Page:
Dr Bike events often get local media coverage, with bike experts dressed up in white coats and carrying stethoscopes and spanners. Consumer take-up of these events is never huge (not without extensive local media coverage, self-generated by the IBD, that is) but some footfall is generated and it's often consumers new to cycling and new to the IBDs putting on the events.
YHA Adventure Shops are running Dr Bike events as are upscale IBDs Mud Dock of Bristol and Mosquito Cycles of London.
But Bike Week co-ordinator Nick Harvey is puzzled at the lack of take up from other IBDs.
"It has been suggested to me that because some dealers offer free cycle safety checks all year round they see no reason to register their 'service' as a Bike Week event. All I can say in response is that it costs nothing to register for Bike Week. And all events get promoted on the Bike Week website, currently attracting 10K page impressions every day."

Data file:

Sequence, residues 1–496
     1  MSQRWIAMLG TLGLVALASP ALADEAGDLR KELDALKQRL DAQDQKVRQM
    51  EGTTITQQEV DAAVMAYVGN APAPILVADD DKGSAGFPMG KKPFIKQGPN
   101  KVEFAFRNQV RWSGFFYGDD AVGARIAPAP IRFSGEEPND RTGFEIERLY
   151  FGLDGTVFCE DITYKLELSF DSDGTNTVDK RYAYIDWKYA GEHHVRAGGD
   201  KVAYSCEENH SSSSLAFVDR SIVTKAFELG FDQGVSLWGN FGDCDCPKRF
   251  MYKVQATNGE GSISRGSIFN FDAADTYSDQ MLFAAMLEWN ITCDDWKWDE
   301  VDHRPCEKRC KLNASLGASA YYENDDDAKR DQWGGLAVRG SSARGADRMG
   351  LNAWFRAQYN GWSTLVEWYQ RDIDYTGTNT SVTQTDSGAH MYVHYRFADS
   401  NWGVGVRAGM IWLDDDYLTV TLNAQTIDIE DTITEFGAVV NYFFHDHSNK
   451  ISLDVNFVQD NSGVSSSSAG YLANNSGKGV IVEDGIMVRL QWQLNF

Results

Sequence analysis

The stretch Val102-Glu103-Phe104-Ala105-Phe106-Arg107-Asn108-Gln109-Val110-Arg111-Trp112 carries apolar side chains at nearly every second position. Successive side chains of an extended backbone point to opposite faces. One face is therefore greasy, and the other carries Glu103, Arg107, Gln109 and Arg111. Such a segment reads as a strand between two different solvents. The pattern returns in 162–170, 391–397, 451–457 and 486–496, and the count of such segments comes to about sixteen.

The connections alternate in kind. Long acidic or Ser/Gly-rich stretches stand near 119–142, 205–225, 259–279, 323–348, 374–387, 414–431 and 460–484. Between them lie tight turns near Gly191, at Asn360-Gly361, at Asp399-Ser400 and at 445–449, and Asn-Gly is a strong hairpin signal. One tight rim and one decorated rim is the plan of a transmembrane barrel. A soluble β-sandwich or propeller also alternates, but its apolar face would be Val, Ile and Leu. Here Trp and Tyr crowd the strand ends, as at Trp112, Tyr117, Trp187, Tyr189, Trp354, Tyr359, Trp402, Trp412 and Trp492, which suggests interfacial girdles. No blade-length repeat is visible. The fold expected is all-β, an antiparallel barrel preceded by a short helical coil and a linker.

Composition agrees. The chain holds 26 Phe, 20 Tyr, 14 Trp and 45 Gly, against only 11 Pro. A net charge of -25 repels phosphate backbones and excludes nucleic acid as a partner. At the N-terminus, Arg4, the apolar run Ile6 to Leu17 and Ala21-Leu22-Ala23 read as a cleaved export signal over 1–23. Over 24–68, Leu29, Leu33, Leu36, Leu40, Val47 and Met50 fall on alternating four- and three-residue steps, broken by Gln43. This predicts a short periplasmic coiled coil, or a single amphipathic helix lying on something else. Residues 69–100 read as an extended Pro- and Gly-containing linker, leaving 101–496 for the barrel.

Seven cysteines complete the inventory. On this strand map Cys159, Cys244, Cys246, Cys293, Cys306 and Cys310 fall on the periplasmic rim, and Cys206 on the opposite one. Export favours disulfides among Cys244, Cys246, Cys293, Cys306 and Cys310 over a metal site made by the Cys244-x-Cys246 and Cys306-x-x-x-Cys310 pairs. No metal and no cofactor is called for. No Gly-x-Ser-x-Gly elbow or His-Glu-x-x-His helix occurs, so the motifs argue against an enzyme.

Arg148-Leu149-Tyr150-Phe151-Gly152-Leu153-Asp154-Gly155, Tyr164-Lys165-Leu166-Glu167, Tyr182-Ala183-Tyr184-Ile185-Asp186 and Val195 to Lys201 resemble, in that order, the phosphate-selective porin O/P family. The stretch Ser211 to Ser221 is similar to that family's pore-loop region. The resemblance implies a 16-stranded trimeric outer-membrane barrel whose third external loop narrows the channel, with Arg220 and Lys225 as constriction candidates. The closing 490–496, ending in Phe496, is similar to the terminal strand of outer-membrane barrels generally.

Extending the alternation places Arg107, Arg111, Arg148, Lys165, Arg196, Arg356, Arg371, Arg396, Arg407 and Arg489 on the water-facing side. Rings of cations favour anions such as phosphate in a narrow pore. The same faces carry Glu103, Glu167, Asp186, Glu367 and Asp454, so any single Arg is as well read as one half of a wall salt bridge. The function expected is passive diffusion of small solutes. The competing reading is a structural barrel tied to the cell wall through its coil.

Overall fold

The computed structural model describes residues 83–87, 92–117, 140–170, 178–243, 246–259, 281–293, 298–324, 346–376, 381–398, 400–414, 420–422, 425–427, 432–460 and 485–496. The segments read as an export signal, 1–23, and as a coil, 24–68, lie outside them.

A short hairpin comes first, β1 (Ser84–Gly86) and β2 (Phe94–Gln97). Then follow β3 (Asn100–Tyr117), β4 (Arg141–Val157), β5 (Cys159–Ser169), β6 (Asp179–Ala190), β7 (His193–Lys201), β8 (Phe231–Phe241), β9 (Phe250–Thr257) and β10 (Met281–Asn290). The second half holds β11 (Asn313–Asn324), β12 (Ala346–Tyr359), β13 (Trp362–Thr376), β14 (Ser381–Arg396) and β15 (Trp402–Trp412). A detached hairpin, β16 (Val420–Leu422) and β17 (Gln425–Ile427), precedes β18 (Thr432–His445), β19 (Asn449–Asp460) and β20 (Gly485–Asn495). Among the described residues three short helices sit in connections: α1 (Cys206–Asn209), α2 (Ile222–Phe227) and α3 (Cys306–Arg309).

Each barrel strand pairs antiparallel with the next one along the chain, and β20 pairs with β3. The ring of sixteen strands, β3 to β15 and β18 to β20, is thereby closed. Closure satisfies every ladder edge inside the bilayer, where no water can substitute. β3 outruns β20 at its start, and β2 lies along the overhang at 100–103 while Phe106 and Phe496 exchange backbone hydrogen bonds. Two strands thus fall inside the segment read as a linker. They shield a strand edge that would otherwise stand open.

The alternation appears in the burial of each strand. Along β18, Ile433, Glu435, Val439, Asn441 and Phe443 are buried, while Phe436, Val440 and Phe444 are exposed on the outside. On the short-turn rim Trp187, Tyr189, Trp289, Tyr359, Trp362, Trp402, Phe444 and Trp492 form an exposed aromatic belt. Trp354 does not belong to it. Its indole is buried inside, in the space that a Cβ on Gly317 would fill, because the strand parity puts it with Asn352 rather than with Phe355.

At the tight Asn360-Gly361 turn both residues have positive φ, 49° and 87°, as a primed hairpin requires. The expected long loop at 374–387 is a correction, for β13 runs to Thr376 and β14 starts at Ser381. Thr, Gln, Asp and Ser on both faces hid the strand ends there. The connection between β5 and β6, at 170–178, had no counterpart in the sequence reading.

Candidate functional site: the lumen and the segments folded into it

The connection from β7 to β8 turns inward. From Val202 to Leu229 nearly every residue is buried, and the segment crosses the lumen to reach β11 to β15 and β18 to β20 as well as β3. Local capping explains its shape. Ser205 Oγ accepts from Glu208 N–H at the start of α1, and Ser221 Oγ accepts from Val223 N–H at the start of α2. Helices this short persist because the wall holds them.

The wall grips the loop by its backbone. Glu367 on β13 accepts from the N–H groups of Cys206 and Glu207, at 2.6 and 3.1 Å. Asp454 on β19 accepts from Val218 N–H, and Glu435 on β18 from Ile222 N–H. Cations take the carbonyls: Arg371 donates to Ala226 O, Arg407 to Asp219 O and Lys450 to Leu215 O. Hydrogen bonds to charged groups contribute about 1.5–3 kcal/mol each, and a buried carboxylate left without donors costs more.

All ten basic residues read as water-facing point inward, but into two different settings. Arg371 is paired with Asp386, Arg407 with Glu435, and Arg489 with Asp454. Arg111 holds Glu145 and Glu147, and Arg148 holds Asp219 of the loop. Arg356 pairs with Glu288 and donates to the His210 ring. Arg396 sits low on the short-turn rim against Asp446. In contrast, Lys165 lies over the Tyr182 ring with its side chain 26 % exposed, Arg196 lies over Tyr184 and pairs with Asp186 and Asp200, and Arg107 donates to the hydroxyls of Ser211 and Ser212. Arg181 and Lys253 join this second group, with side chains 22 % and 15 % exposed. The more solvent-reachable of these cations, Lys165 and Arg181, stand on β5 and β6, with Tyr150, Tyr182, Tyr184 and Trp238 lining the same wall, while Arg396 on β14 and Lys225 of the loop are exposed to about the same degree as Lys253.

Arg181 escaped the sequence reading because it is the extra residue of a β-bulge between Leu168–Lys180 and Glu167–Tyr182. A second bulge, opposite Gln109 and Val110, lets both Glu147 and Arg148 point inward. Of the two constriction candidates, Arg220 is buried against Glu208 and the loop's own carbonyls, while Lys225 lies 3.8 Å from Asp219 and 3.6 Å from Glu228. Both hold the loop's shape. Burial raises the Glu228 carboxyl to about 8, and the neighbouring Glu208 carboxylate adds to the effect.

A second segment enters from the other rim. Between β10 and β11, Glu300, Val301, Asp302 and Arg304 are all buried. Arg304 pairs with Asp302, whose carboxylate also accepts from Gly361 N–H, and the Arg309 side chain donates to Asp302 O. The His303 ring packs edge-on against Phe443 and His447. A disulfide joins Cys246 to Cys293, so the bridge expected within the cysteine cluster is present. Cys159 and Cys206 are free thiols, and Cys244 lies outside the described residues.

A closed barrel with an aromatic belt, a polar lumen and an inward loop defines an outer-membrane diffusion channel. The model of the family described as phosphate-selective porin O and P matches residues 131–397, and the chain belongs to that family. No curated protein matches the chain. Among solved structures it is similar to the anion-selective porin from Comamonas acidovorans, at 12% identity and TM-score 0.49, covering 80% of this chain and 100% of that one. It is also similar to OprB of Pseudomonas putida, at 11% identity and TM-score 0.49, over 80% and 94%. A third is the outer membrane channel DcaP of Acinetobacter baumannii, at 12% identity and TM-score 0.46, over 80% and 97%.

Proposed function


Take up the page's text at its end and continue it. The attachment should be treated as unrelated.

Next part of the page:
However, the low take-up could be due to the 'free' element of the Dr Bike concept. Rod Turner of Freewheel said: "Not only does Dr Bike sound utterly and totally naff but it has thoroughly unprofessional associations which we would not want to lend our name to. We are professional and we don't do stuff for free if we can avoid it. I feel strongly about this because I think our natural desire to be popular can easily lead us to be seen as unprofessional. How many of us would drop in at a Dr Car clinic we spotted at the roadside? Basically, what Dr Bike says to me is that any git can be a cycle mechanic!"
Ben Cooper of Kinetics in Glasgow agreed: "We normally charge £15 for a similar check, so why do it for free? We won't get any more long-term customers out of it - just stingy people who want their bikes fixed for free. I think that Dr Bike is not one of the better cycle promotion ideas."
For other views on the Dr Bike concept go to a lively debate on the topic on the BikeBiz bulletin board: